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A 1986 advert for a Neutra-Laser gun toy

This article is regarding the 1986 action figure line, play sets, books and other products associated with the BraveStarr franchise.

Toys[]

The BraveStarr franchise was conceived by cartoon studio Filmation, but the television series would not be broadcast for a year after the toy line was released.

The toy line was manufactured by Mattel. Over $15 million worth of BraveStarr toys and accessories were shipped to stores in late 1986.[1]

Action figures included some of the central figures such as Marshal BraveStarr, Thirty/Thirty, Deputy Fuzz, and Handlebar. Villains included Tex Hex, Outlaw Scuzz, Thunder Stick, Colonel Borobot and Sand Storm. There were also some vehicles, such as a Turbo-Mule and Tex Hex's Skull Walker.

These figures were large for the time at nearly 8" tall and came in a windowed box with artwork similar to that of their Masters of the Universe contemporaries. Each figure had a unique action feature and was packaged with one or more kerium nuggets. Marshal BraveStarr and Tex Hex were also packaged with a Laser Fire Backpack which shot infrared beams and had "space-age" sound effects. Such backpacks were individually available – blue for heroes and black for villains.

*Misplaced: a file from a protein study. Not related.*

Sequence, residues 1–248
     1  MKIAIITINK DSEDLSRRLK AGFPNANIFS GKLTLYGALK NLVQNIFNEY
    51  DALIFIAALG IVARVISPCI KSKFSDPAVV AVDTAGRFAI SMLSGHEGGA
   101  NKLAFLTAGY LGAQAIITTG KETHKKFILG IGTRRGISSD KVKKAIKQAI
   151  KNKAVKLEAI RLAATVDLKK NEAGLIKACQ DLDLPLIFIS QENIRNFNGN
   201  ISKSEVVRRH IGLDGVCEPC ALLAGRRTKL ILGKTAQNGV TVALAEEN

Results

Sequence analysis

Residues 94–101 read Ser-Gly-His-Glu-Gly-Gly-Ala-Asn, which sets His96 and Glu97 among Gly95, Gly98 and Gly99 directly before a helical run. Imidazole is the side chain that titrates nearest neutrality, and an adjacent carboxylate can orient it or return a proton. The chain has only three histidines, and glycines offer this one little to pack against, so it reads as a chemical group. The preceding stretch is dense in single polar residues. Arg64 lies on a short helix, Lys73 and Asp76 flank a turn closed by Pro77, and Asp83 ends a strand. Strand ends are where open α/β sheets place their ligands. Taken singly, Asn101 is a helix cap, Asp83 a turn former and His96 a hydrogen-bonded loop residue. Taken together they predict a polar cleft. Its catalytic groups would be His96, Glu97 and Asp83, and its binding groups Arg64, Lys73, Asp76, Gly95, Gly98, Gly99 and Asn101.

Two large play sets were made of Fort Kerium and a smaller set of a Stratocoach hold-up. The Fort Kerium play set could be bought whole in one set or separately in three segments (the command center, the bank, and the jail cell).

Mattel was hit by weak sales of the the toy line.[2][3] A second toy line had been designed by Mattel, but was cancelled when Filmation shut down in 1989 and the second television series was cancelled. This second line would have included Judge J.B. McBride, Long Arm John, Rampage, Dingo Dan, and the Starr Hawk vehicle. Some independent toymakers have bootlegged this second toy line over the years, so some of them are occasionally available online.

Gallery[]

Other Merchandise[]

  • Various other forms of BraveStarr merchandise made their way to the market including a hand-held Neutra-Laser which emitted sounds and infrared beams.
  • Clothing included t-shirts and metal sheriff badges, the latter of which can now fetch hefty prices for collectors.
  • There was also a video game released for various home consoles in January 1988.

References[]

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